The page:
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RSR ROBBINS Research - British Columbia Politics May 20, 2011
  May 20, 2011

Question #1
Which British Columbia political leader and party do you support most? (Decided to 100% adjusted for gender averages throughout each region).
Adrian Dix and BC NDP    40.9 %
Christy Clark and BC Liberals    31.9 %
John Cummins and BC Conservatives    17.4 %
Jane Sterk and BC Greens    5.5 %
Chris Delaney and BC First    3.2 %
Undecided    10 %
Question #2
Which British Columbia political leader and party do you support least and last?
Christy Clark and BC Liberals    44 %
Adrian Dix and BC NDP    29 %
John Cummins and BC Conservatives    13.5 %
Jane Sterk and BC Greens    10.5 %
Question #3
In your opinion is a BC School Board policy designed specifically to protect gay, bisexual and transsexual students necessary?
Yes    32.5 %
No    55.5 %
Undecided    12 %
Question #4
Do you support a general provincial election for this coming June-July 2011?
Yes    47 %
No    33 %
Maybe    20 %
Question #5
Do you support a general provincial election for this coming September-October 2011?
Yes    51 %
No    31 %
Maybe    18 %
Question #6
In your opinion is a BC School Board policy designed specifically to protect persons of colour necessary?
Yes    23 %
No    64 %
Undecided    13 %
Commentary
BC New Democrats continue to dominate Vancouver Island with nearly one in two 2009 BC voters supporting them in this ROBBINS poll. BC Conservatives are second on Vancouver Island (20%). The BC NDP looks to take all seats on Vancouver Island, with BC Conservatives hoping for one in Parksville-Qualicum. BC Liberals appear to be heading for extinction on Vancouver Island.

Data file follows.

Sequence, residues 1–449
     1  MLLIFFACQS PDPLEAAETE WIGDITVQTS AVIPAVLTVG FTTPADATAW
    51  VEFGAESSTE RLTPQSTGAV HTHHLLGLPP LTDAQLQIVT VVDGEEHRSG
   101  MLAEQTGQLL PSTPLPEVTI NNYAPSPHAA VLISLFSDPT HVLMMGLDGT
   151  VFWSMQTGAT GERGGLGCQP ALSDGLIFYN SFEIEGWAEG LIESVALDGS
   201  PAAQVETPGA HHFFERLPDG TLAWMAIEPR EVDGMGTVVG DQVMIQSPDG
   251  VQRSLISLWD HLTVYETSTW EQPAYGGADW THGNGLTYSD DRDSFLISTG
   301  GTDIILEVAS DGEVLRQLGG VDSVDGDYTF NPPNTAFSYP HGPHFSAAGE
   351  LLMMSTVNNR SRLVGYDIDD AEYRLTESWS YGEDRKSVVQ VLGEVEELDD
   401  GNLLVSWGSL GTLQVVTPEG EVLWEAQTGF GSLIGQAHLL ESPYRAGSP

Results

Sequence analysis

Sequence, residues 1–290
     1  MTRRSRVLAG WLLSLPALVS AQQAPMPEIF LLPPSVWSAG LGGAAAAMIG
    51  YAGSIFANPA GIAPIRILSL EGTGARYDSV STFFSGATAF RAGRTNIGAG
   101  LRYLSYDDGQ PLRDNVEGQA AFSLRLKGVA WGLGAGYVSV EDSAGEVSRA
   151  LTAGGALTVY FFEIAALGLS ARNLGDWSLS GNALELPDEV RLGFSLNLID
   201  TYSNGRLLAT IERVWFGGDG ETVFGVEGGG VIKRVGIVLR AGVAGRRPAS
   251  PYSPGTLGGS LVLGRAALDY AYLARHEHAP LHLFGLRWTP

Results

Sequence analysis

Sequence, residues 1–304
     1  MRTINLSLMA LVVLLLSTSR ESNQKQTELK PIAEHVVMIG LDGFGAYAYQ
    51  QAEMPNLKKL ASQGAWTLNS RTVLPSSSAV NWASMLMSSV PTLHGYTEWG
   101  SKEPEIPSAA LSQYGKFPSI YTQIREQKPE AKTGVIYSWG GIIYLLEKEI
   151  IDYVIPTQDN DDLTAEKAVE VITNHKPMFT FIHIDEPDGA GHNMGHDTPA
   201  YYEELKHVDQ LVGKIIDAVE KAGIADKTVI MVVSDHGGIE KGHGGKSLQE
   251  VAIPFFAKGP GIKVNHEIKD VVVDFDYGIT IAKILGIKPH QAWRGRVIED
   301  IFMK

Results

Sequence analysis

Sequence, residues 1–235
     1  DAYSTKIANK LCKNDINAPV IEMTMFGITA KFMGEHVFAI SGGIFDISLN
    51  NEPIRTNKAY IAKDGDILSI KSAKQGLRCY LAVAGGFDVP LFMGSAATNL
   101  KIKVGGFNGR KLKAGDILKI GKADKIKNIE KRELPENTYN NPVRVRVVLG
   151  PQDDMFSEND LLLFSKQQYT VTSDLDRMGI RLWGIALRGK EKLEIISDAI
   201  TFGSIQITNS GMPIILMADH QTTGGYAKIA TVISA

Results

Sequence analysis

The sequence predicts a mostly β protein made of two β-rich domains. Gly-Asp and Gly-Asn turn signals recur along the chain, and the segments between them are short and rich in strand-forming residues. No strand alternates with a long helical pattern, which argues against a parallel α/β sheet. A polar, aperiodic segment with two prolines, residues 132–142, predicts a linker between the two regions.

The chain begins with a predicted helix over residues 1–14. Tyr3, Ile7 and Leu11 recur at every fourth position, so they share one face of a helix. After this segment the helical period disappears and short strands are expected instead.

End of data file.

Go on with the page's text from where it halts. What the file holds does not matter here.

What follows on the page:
The Lower Mainland reveals BC NDP with a commanding lead over BC Liberals in support from 2009 BC voters (44% to 35%). The New Democrats look to win 7 or 8 seats in Vancouver City - dominate Burnaby-the Tri-City region and Surrey - with wins on the North Shore, Maple Ridge and Mission forthcoming.
A significant presence of the BC Conservatives in the Fraser Valley continues to make this once BC Liberal stronghold essentially a three way race - with the BC First Party looking to potentially have an influence on eventual outcomes. Both fringe players on the political scene - BC Greens and BC First will have an impact in the North and Interior of the Province where the BC Liberals hold (36%) and BC Conservatives and BC NDP hold (25%) and (28%) support respectively.
Christy Clark and BC Liberals are supported “least and last”---- most -- by BC voters from the 2009 general provincial election--- (Decided) across the province-- with nearly (70%) of Vancouver Island “voters” holding that party in low regard (“least and last
(81%) of BC New Democrat supporters/ support the BC Liberals “least and last” - with BC Conservatives (12%) and BC Greens (7%) supported “least and last” by BC New Democrats.
(77.5%) of BC Liberals support BC New Democrats “least and last” - (16.5%) support BC Conservatives “least and last” - (4%) BC Greens and (1%) BC First “least and last.”
(52%) of BC Conservatives support BC Liberals “least and last“, (17%) support BC NDP “least and last” and (31%) support BC Greens “least and last”.